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Since police, firefighters and paramedics—so-called essential workers—aren’t allowed to strike, the task falls to an arbitrator when municipalities can’t arrive at a new agreement. By now, says Alberta labour expert Bob Barnetson, arbitration has become a reliable political trick, giving politicians an out—“someone to blame for costly pay hikes.” But police and firefighters in Windsor won’t even sit down at the bargaining table anymore, says Francis: their unions know an arbitrator will award a far more generous settlement than council.

Windsor, the epicentre of Ontario’s manufacturing crisis, had presented the arbitrator evidence showing a decline in local property values, high unemployment and poor fiscal health—all of it affecting the city’s ability to shoulder a costly police raise. But “the most important of all the governing criteria,” the arbitrator ruled, was giving local police what cops in Toronto and Ottawa were making. Whether Windsor could actually foot the bill was irrelevant.

This reasoning ensures an unending cycle of wage increases. A few years ago, Saskatoon’s firefighters were given an 18 per cent raise. They got the raise because Regina’s firefighters were making 12 per cent more. On that basis, an arbitrator awarded firefighters in nearby Moose Jaw a 17 per cent raise. By then, firefighters in Regina had become the provincial paupers. So last September, an arbitrator bumped up their pay by 14 per cent.

Firefighters in Leduc, Alta., recently won a 15 per cent wage increase. There, a first-class firefighter with three years’ experience now earns $92,303 per year. Meanwhile, in Ontario, 24 of Owen Sound’s 29 firefighters earned more than $100,000 last year. So did 53 of Belleville, Ont.’s 62 firefighters.

Labour experts such as the University of Western Ontario’s Michael Lynk says municipalities “have choices,” including hiking property taxes to offset growing wage bills. Indeed, Scugog Mayor Chuck Mercier is being forced to raise taxes by two per cent to cover the firefighters’ raise. The town’s median income, meanwhile, is less than half what firefighters now earn. Mercier says he doesn’t have a choice. Services can’t be cut any further. The town was faulted in a recent civil case. Its roads, the court ruled, aren’t up to standard.

For the past three decades, organized labour has actually been in retreat. In Canada’s private sector, the percentage of workers in labour unions has dropped to just 15.9 per cent, from 33 per cent in the ’80s. In the U.S., it’s down to 6.6 per cent. But public sector unions have never been bigger or stronger, particularly in Canada. Union density among Canadian public sector workers has soared to more than 75 per cent, from just 12 per cent in 1960.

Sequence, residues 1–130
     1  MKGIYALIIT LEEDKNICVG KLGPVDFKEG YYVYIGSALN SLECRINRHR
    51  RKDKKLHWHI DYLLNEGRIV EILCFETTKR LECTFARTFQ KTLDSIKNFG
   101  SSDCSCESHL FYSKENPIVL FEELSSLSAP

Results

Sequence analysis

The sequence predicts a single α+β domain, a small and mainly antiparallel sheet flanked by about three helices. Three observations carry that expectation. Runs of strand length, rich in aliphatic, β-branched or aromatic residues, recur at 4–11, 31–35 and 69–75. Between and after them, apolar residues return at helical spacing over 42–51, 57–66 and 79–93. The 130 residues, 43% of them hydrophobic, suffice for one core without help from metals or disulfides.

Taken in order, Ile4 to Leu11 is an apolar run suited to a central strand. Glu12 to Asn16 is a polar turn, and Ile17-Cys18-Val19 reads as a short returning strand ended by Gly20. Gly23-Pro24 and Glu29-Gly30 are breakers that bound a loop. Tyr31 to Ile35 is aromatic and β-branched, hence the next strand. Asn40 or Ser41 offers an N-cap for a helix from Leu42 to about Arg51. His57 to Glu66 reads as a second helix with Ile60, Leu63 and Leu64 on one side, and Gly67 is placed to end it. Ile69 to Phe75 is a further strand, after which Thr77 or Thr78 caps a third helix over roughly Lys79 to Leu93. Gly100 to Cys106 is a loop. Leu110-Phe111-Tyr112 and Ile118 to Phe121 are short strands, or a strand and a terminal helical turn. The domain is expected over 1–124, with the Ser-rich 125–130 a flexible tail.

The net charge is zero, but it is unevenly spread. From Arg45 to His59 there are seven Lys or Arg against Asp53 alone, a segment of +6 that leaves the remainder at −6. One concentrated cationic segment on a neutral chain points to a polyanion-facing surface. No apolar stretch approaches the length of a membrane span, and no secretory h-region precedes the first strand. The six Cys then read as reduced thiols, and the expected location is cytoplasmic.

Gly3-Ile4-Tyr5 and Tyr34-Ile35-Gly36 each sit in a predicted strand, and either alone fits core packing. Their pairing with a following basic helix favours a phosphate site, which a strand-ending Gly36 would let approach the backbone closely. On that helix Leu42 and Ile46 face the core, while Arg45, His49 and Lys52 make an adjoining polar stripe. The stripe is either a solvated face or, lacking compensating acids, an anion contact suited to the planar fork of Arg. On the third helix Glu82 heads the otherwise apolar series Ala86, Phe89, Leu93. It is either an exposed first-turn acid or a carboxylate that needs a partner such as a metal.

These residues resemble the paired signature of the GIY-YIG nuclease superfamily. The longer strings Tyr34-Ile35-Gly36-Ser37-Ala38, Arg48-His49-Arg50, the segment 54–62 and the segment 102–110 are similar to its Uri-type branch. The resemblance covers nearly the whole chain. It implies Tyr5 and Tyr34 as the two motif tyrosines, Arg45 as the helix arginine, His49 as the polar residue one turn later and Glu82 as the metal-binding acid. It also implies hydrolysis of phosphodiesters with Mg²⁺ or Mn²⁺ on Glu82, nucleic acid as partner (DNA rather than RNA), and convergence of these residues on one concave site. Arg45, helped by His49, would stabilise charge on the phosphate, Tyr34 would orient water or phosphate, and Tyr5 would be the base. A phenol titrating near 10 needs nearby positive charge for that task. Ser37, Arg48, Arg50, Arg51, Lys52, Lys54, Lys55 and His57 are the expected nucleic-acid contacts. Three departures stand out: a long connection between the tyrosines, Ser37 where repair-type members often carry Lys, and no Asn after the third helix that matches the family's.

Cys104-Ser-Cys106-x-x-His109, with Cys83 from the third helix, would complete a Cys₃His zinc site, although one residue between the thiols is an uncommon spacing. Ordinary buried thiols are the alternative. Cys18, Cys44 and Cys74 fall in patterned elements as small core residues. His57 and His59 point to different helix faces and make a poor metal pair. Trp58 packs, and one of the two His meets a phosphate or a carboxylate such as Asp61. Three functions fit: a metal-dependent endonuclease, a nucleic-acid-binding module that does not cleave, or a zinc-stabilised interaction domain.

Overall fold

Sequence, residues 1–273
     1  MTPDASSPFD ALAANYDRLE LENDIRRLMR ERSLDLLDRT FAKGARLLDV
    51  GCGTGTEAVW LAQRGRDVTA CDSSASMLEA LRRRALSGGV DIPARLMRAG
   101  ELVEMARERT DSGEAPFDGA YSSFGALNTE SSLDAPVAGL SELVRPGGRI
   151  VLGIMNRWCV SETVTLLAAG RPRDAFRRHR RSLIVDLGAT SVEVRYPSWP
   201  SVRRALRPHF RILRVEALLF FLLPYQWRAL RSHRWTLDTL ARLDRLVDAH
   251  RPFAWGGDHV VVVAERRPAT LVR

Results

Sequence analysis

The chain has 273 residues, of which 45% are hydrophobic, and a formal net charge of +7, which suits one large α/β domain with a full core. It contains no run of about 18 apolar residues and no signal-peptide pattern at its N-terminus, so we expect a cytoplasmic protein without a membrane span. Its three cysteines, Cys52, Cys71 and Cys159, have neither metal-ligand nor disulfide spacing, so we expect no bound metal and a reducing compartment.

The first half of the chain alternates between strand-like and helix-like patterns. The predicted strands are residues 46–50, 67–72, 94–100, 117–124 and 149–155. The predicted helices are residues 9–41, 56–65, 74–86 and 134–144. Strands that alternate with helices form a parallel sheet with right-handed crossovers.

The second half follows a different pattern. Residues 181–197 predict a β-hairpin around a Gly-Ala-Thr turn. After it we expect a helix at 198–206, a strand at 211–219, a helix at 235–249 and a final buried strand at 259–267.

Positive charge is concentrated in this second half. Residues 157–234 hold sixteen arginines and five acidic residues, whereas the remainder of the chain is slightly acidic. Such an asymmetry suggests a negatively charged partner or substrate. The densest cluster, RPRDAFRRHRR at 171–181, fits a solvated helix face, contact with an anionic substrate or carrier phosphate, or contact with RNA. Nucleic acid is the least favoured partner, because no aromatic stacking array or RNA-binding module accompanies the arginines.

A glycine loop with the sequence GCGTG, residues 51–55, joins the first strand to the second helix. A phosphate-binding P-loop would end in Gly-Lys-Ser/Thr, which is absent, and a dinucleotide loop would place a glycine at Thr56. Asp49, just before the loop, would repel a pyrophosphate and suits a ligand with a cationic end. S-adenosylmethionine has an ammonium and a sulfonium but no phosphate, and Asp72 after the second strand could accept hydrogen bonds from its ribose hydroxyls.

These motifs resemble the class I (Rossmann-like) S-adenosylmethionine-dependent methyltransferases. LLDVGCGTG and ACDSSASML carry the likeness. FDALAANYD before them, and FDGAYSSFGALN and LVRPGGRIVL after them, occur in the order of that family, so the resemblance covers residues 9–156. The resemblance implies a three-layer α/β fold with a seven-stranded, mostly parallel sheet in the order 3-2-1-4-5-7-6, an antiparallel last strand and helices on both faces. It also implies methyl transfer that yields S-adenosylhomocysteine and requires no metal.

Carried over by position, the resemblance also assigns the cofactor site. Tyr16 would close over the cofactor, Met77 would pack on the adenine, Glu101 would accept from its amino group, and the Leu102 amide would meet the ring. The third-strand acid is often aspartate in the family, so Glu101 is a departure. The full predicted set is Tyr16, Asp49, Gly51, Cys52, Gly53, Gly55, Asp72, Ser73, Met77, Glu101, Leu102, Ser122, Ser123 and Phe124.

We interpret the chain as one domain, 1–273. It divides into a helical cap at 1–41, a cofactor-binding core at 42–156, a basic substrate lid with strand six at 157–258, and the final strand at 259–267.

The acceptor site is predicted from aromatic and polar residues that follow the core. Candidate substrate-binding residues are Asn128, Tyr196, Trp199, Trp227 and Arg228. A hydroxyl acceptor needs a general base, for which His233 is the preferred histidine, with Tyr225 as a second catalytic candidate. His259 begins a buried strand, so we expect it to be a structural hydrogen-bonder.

Their power is rising in step with membership. With 618,000 members and an annual budget topping $169 million, the Canadian Union of Public Employees (CUPE) has the ability to shut down major Canadian cities. David Miller and Sam Sullivan, the former mayors of Toronto and Vancouver, were both chased from office after being blamed for crippling municipal strikes.

The strength of public sector unions has clearly helped fuel outsized wage gains. In Hamilton in the last decade, wage increases for unionized emergency workers have almost doubled those for non-union city staff, increasing by 38 per cent, versus 21.9 per cent for non-union workers. Incomes in the unionized public sector have grown so quickly, they can no longer be considered “remotely middle-class,” says Wilfrid Laurier economist David Johnson. Consider teachers. By the time an Ontario teacher hits his mid-30s, he is nearing the 90th percentile for wages, says Johnson—roughly $91,000 per year.

Even the most cursory analysis of B.C.’s recently released data on government employees earning more than $75,000 illustrates the growth both in incomes and the size of the government workforce. Four years ago, Abbotsford listed 69 employees (including police and school officials) with incomes topping $100,000. The number has since grown to 306. Some city workers have also seen huge pay hikes in that period. In 2008, Abbotsford’s chief constable, Bob Rich, earned $156,000. Last year, he took home $206,000.

At this point, landing one of these jobs is “like winning a lottery,” says Jason Clemens, executive vice-president of the Fraser Institute. The role of government, he adds, is providing services, not comfortable jobs with high pay. The gap between public and private sector wages may be even higher than the 12 per cent cited by the institute. When pensions are considered, it could be 20 per cent, says Bill Robson, president and CEO of the C.D. Howe Institute. Government workers, he adds, are accumulating “eye-popping wealth” through pension plans alone.

CUPE’s president, Paul Moist, argues those figures are flawed and don’t consider actual wages in similar occupations. Moist says there is only a small gap “largely based on more equitable pay for women working in the public sector.” Other critics note that the real problem is a failure of private sector wages to keep pace.

Still, what’s undeniable is the terrific strain now being put on public finances. From 2000 to 2010, Alberta’s public sector wage bill grew by 119 per cent, according to a recent study by the University of Calgary School of Public Policy. And it accounted for 95 per cent of the increase in provincial revenues. In Ontario, which is more indebted than even California, more than half of government’s costs now go to incomes and benefits.

The view of many labour experts that taxpayers can cover any budget shortfalls is muting the urgency of the problem. Across the country, payroll and pension obligations are set to continue rising at a stunning clip. The unfunded liability of the federal public service pension plan alone is slated to hit $300 billion this budget year.

Eventually, something will have to give: either it’s the relentless demands of government workers, or the solvency of many Canadian jurisdictions.